• exoraluna

    Well, to the detractors, we DO have to start somewhere. Why not start production on proto types, put the wheels  of the future in motion. Why sit and talk? Changes will surely be made as we advance into the future. I'm loving the discussion of the future and developments.

  • John Walles

    Ben, you are smoking the pot grown in the building.  Every major city has infrastructure already in place.  Are we going to tear all of that out?  The previous Jetson's comment is very appropriate.  We are terrible at forecasting35 years in the future.  What I would suggest would be some elements of what the "building of the future" can be integrated into current structures and that might happen by 2050.  The same people Projecting this Future would be the first ones protesting all of the destruction of "Historical" buildings to get there.   

  • Bob Jacobson

    I suspect the more typical home of the future, at least in North America, will be the refurbished freight container a la Snow Crash or for the least well off among us, a cardboard box.  With WiFi.

    Unless something dramatic is done to halt the skid in declining real wages, all of this creative banter is meaningless.  It wouldn't matter much to ARUP, which works mainly for giant corporations like itself and government agencies.  There's always room at the top to play.

  • iainOfTheNorthDownSouth

    No, because Governments are more concerned with killing each today, rather than worrying about tomorrow. Look at where we thought we would be today in the late 80's. Bladerunner for example, with a vison of the near future. Nothings changed. War spurs technological advancement. Some great ideas above, but try 3050.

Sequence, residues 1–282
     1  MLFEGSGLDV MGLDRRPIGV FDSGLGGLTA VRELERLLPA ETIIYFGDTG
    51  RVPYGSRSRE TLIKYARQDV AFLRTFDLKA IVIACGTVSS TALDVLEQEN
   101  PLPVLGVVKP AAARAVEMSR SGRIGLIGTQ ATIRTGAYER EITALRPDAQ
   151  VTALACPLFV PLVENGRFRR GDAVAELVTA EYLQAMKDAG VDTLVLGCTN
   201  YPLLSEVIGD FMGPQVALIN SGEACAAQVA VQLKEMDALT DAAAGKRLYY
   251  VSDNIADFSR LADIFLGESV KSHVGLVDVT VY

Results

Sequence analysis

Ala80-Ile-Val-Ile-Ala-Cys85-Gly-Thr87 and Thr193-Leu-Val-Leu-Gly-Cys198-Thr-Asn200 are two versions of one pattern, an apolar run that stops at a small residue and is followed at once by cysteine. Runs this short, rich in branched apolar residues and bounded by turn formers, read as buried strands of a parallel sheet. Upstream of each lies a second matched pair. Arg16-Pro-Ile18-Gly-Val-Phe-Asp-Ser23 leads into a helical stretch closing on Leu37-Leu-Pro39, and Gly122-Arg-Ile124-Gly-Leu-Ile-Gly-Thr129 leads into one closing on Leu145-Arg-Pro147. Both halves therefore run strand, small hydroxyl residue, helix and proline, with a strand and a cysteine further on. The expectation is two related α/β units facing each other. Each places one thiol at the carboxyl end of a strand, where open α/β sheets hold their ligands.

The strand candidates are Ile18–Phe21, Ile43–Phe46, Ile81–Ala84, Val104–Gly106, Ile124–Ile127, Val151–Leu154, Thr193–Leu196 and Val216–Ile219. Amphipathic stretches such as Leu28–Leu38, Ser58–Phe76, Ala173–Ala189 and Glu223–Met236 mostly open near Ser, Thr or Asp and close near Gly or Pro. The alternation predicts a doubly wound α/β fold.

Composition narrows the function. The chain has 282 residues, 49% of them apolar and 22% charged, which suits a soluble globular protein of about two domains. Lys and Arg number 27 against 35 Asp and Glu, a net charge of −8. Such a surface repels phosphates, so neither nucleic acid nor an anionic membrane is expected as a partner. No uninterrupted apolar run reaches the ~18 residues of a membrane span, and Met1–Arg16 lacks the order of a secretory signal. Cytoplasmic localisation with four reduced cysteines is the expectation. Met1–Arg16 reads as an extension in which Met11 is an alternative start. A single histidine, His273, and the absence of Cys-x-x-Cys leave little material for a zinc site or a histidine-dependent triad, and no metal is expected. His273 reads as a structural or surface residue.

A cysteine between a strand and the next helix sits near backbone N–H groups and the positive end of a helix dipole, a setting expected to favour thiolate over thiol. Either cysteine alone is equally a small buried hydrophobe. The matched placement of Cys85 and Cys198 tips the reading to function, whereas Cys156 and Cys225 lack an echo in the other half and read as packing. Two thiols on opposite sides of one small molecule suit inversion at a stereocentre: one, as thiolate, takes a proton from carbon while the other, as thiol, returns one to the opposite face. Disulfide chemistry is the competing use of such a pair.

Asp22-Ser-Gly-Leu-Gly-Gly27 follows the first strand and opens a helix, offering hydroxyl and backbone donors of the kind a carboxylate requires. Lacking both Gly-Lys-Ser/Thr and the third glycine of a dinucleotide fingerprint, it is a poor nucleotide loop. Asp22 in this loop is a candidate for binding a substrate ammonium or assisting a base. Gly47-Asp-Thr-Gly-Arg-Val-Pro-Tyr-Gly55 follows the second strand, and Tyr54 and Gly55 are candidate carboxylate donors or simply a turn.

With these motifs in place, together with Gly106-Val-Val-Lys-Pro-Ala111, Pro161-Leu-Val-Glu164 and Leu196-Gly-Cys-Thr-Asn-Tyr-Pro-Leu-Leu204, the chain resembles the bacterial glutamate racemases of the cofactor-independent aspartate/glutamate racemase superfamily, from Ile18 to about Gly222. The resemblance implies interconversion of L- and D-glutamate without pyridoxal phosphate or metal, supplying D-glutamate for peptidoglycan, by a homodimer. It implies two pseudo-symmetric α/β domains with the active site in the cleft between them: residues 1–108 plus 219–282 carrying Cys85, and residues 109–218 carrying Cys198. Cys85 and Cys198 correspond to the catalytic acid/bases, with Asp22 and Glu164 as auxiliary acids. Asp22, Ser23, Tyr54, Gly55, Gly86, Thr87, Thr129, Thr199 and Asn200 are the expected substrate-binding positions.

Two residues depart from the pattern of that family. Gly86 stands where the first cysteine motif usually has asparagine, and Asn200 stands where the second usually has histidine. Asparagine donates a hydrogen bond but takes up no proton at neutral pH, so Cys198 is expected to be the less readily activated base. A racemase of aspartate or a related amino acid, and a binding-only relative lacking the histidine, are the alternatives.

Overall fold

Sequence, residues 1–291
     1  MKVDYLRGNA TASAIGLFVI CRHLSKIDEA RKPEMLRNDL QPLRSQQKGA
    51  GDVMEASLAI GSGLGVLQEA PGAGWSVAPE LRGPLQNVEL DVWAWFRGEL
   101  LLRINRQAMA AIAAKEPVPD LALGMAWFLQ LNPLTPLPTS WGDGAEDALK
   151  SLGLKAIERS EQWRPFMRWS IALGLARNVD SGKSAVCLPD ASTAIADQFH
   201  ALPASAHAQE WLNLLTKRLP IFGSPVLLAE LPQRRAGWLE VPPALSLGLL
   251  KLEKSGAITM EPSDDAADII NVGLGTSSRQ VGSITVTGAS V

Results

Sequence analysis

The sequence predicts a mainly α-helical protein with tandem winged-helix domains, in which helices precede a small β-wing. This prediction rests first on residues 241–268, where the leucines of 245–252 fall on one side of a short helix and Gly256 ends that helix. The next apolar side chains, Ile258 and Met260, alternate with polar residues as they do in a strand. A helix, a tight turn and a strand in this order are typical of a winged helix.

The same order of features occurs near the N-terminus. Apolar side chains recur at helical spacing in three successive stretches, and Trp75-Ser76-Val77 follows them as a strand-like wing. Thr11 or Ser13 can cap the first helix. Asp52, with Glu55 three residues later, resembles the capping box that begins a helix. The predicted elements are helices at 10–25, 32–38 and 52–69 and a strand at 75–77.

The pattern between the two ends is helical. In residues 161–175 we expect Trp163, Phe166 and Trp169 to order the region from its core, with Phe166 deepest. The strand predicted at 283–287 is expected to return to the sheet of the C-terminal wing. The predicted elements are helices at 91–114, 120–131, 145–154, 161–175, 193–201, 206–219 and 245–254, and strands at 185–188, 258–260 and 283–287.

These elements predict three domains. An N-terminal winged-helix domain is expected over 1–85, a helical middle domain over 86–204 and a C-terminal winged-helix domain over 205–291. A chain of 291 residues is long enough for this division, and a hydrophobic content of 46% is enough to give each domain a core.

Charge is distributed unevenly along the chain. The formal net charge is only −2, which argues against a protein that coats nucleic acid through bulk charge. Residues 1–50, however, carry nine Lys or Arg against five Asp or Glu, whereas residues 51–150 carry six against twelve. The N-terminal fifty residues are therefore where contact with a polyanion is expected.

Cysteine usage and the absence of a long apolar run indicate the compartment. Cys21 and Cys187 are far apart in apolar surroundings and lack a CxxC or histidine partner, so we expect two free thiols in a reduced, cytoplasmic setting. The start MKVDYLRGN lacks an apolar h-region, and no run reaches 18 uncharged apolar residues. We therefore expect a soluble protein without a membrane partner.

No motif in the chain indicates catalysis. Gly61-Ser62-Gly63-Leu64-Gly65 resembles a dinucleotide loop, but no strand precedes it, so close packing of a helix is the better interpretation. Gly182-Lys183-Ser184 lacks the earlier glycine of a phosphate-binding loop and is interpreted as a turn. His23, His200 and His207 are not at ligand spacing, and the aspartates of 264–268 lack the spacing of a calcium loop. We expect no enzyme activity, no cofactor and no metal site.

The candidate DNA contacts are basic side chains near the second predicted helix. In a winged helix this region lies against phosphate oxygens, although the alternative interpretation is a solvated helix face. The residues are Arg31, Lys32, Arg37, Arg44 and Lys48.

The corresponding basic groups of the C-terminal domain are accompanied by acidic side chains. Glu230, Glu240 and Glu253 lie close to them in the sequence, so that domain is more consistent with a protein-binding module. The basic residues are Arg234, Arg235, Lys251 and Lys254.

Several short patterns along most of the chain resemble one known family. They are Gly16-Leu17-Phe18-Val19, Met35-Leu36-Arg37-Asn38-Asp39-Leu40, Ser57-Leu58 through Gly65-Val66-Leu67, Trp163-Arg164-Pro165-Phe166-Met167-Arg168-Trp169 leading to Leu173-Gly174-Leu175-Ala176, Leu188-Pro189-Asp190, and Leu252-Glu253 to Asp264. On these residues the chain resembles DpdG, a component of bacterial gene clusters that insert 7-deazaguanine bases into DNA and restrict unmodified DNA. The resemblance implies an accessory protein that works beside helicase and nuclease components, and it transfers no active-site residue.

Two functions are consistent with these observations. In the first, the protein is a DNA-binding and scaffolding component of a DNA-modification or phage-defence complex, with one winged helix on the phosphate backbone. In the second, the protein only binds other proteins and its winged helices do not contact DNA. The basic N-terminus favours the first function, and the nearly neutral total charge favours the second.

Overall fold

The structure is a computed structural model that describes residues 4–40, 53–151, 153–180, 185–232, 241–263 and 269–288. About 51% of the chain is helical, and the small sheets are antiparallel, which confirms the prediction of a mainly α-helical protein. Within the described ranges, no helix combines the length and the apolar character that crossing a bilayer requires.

• Mike-nont

    Some very innovative ideas---all conveniently packaged in one unit.  Could be a nice toy at home near a financial district.

    This is techno-triumphalism at its worst. It dodges the real issues of demographic explosion, environmental sustainability and drastically increasing socioeconomic inequality. We know Arup has expertise in towers, and we can bet Cisco will supply the vast array of Brave-New-World sensors (and the robots?).

    Actually, just taking the form of a tower disqualifies this idea on a basic level of sustainability. Building towers is incredibly expensive and involves enormous embodied energy.

    The 'vertical agriculture' component of this project is dubious. I see 6-7 stories dedicated to food production.  Consider, as a scale example, that to supply food for all of London one would need 2,000 30-story towers (100m square).

  • Daniel LaLiberte

     "Dodges"?  You raise good questions, but they are not particularly relevant in a piece about the technology, except for the environmental sustainability question, which is very directly addressed here, and you respond to it.  Socioeconomic equality is not incompatible with such a design, provided ownership or management of the means of production is shared with those who are affected by it.